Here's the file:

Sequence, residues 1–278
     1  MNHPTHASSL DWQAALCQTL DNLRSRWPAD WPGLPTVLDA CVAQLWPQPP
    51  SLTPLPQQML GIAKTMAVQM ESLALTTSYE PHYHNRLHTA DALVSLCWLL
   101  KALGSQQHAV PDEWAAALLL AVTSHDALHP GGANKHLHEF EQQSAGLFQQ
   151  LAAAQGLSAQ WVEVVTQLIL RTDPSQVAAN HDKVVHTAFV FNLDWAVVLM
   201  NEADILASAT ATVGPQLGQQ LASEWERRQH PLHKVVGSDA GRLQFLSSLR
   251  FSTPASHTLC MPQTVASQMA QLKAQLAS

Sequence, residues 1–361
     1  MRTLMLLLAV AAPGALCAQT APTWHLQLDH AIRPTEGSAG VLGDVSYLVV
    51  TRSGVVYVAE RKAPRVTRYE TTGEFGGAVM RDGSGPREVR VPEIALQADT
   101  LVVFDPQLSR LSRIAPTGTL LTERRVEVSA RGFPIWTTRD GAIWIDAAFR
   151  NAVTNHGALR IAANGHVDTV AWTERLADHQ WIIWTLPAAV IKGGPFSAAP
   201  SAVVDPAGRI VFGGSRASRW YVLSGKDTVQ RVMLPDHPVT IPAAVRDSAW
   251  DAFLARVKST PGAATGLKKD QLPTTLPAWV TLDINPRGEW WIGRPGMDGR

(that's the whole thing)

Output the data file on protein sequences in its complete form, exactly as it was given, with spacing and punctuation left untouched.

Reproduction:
Sequence, residues 1–278
     1  MNHPTHASSL DWQAALCQTL DNLRSRWPAD WPGLPTVLDA CVAQLWPQPP
    51  SLTPLPQQML GIAKTMAVQM ESLALTTSYE PHYHNRLHTA DALVSLCWLL
   101  KALGSQQHAV PDEWAAALLL AVTSHDALHP GGANKHLHEF EQQSAGLFQQ
   151  LAAAQGLSAQ WVEVVTQLIL RTDPSQVAAN HDKVVHTAFV FNLDWAVVLM
   201  NEADILASAT ATVGPQLGQQ LASEWERRQH PLHKVVGSDA GRLQFLSSLR
   251  FSTPASHTLC MPQTVASQMA QLKAQLAS

Sequence, residues 1–361
     1  MRTLMLLLAV AAPGALCAQT APTWHLQLDH AIRPTEGSAG VLGDVSYLVV
    51  TRSGVVYVAE RKAPRVTRYE TTGEFGGAVM RDGSGPREVR VPEIALQADT
   101  LVVFDPQLSR LSRIAPTGTL LTERRVEVSA RGFPIWTTRD GAIWIDAAFR
   151  NAVTNHGALR IAANGHVDTV AWTERLADHQ WIIWTLPAAV IKGGPFSAAP
   201  SAVVDPAGRI VFGGSRASRW YVLSGKDTVQ RVMLPDHPVT IPAAVRDSAW
   251  DAFLARVKST PGAATGLKKD QLPTTLPAWV TLDINPRGEW WIGRPGMDGR